ine is very much a matter of personal taste. I am certainly no expert, or connoisseur of the finer wines and I readily admit that I near-automatically pass right by those with a price tag higher than about $35, so forget about any advice on high-end, sommelier-suggested wines. I just know what I personally like, in the more affordable labels that the vast majority of us can find locally. Here are my favorites. A couple of them would fare well on just about anyone’s list, a few of the others are just party wines.
Aussières Rouge, by Domaines Barons de Rothchild (Lafite), Vin Pays d’Oc, France – Just a bit of a plum taste to this really great wine that goes well with just about anything, or all by itself. I first tasted this blended red wine (40% Cabernet Sauvignon, 30% Grenache, 20% Syrah, and 10% Merlot ) on a Western Mediterranean, Royal Carribean cruise, and subsequently had trouble locating it in any local store or even finding a shop that could order it and ship to Oklahoma. Finally, I found out that this particular label is a private one restricted for use by Royal Carribean Cruise Lines. However, the wine is available to reatilers under a slightly different name as "A" d'Aussières, and is priced at about $18-$20 per label, plus shipping.
Leese-Fitch Merlot, Monterey, California, USA – This wine tends to pop up at corporate social events as as a good, but affordable Merlot , and is a nice choice for more casual pairing like pizza or burgers, or just cheese and crackers and veggies. Those it the know say it has a hint of strawberry, which I’m not sure I would have ever detected on my own, but can accept, having read that. It seems pretty smooth and not too heavy to me. It tends to be pretty inexpensive, $11-$12, although you may have to have it ordered via your local liquor store.
Yellowtail Reserve Merlot, Australia – This one is my favorite of the Yellowtail label wines, and advertises hints of blackberry, dark chocolate and oak, all of which you will probably recognize after hearing that. Merlots are good social event wines, and this one is not exception, although it too is a good choice with lamb, roast beef and pasta dishes. Easily found in most liquor stores, at about $9-$10.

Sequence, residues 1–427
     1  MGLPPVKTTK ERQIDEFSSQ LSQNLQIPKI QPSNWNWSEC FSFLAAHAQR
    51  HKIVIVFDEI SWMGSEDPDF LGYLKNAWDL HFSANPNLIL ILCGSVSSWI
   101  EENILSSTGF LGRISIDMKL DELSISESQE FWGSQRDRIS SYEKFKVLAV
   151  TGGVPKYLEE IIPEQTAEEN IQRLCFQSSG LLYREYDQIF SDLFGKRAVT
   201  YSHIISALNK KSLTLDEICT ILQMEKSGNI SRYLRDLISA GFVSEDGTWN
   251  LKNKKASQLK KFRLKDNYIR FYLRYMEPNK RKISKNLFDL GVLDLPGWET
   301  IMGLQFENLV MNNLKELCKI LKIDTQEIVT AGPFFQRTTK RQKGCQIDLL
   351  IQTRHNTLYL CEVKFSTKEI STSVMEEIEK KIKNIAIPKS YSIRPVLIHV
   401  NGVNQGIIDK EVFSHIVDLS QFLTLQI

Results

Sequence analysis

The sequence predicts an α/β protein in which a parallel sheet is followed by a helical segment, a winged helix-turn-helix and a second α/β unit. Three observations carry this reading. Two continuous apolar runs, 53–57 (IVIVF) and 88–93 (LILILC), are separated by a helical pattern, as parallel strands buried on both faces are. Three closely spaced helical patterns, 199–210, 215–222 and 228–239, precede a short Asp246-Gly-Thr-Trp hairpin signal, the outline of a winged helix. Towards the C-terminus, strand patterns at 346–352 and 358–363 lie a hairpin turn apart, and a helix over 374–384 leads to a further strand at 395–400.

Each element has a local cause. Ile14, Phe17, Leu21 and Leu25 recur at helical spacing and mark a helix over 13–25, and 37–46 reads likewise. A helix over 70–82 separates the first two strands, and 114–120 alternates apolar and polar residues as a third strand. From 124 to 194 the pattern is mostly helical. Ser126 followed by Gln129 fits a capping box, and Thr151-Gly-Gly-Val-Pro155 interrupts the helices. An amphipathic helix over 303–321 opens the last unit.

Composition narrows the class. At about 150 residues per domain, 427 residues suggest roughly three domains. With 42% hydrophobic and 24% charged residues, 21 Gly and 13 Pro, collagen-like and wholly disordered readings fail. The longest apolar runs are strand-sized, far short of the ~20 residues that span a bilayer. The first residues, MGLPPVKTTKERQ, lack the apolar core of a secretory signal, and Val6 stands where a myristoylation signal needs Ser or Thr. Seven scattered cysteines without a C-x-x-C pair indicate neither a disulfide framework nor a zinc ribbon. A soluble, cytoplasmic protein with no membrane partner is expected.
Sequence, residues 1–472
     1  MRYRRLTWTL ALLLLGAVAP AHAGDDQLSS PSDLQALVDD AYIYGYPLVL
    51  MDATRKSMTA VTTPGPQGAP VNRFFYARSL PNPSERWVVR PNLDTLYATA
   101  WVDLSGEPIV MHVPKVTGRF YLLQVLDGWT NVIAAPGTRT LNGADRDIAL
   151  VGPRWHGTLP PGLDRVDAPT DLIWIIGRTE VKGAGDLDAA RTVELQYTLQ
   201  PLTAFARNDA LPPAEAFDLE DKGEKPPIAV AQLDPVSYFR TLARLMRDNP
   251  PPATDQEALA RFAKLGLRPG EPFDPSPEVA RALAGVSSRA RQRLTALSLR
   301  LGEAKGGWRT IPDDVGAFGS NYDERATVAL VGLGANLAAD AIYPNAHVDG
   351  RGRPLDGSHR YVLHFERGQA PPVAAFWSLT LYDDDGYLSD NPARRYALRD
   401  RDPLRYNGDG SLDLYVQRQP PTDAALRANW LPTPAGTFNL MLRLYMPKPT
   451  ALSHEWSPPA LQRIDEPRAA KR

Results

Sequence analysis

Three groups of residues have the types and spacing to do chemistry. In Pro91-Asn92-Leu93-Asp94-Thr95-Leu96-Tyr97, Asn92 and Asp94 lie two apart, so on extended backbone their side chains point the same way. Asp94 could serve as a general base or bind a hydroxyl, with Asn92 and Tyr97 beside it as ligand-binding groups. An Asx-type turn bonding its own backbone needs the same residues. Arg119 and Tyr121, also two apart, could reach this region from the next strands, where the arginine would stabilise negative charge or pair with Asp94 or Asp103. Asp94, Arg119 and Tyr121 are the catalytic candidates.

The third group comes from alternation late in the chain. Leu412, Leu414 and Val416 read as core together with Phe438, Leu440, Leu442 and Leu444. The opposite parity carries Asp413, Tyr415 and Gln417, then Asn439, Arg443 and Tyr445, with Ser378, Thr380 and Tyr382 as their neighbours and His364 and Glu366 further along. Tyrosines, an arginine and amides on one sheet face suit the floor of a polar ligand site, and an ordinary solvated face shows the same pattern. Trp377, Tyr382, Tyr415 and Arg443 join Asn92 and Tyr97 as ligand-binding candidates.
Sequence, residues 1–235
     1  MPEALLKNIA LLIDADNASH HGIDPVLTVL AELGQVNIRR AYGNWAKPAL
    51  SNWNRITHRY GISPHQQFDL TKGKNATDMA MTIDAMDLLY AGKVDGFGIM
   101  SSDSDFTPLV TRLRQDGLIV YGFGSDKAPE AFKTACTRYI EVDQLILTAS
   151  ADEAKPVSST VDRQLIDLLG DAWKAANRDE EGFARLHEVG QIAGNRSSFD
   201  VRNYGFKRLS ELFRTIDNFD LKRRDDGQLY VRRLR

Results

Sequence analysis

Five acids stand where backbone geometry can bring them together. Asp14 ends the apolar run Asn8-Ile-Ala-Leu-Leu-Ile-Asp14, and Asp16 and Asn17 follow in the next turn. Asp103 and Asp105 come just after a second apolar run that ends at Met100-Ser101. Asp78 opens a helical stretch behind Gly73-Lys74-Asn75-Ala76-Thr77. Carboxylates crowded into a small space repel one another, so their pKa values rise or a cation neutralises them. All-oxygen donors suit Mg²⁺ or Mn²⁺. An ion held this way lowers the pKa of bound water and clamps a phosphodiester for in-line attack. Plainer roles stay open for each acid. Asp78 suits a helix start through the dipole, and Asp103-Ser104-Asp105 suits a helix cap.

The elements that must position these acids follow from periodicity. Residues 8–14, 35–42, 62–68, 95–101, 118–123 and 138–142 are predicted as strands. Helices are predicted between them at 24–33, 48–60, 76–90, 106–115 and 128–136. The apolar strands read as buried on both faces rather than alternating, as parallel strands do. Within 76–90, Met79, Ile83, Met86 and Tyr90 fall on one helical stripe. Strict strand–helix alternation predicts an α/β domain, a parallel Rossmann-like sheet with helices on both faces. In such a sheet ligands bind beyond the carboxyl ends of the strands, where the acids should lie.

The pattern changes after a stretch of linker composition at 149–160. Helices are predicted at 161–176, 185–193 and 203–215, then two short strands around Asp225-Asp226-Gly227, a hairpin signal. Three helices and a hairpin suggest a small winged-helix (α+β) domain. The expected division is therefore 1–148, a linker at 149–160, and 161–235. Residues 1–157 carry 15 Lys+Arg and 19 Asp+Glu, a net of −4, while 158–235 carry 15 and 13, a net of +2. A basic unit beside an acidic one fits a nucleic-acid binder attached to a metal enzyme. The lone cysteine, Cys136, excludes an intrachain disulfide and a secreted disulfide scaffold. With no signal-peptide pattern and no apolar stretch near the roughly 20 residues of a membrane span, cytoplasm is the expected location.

Yellowtail Shiraz Cabernet. Australia – Hints of plum, cassis and raspberry. Not too tannic. Good with barbecue and other beef dishes, pork, strong cheeses, heavy pastas. $9-10.
Beaujolais Villages – Louis Jadot, Beaujolais, France – This wine is described by those who know wine much better than I do, as a deep red, full-bodied wine with fruity flavors, but don’t let that fool you at all into thinking that this is a sweet taste. To me, the fruity flavors are more like the tannin in the skin of red apples. I would never think of this wine as a social gathering, cocktail party wine, at all, but rather one that I’d pair with a full dinner featuring lamb or a roast with carrots and potatoes. It’s not that expensive; usually in the $13-$14 range.
Kendall Jackson Syrah, California Syrah/Shiraz, Sonoma valley, California, USA - a bit of pomegranate and blackberry. A touch of spiciness, Syrah is the same grape as Shiraz. Shiraz is just what it is called in Australia. Goes well with a pulled pork or roast beef sandwich, cheeses, spaghetti Bolognese or lasagna, shepherd’s pie or other lamb dishes, veal, smoked turkey, or a hearty minestrone.
Rudesheimer Rosengarten, Germany – I attended a Weinfest in Rudesheim in 1974, and decided this was a sweeter, fruitier white that I could get used to. The label shown above may not even be available, anymore. You might try the Leitz Rudesheimer Riesling Kabinett label of this wine, instead, as it is reportedly made with grapes from the original vineyard in Rudesheim. . Good with Thai food, or fish, or just by itself, if you prefer white wines.
Philippe Foreau Domaine du Clos Naudin Vouvray, Vouvray, France - I don’t know that you can find this particular label, locally, and if you can it may well run $45 or more, but the label it is not so important in this particular recommendation. Vouvray is a small region in Touraine, France, and most of the better Vouvray labels taste fairly similar to me, a bit dryer than many white wines. I’m not a huge fan of white wines, but I spent a few days here in 1973, and went to a few wine tastings, which helped me decide this was my personal white wine of choice. I think anything around $15 and up would give you the right idea of what this wine is like. Vouvray goes well with most chicken dishes and when asparagus is on the plate.
Woodbridge by Robert Mondavi Cabernet Sauvignon, Lodi American Viticultural Area, California, USA – An earthier,dark red with a slight blueberry and black currents flavors, and hints of oak and tobacco. Nice with steak, or just by itself.
White Zinfindel , by Beringer – Okay, yes, this is a considerably cheaper, lighter party wine, with strawberry and watermelon hints that make it ideal for informal finger food type gatherings. It is very neary a “pop” or wine-cooler type wine, but sometimes, that’s exactly what the occasion calls for. About $6-$8.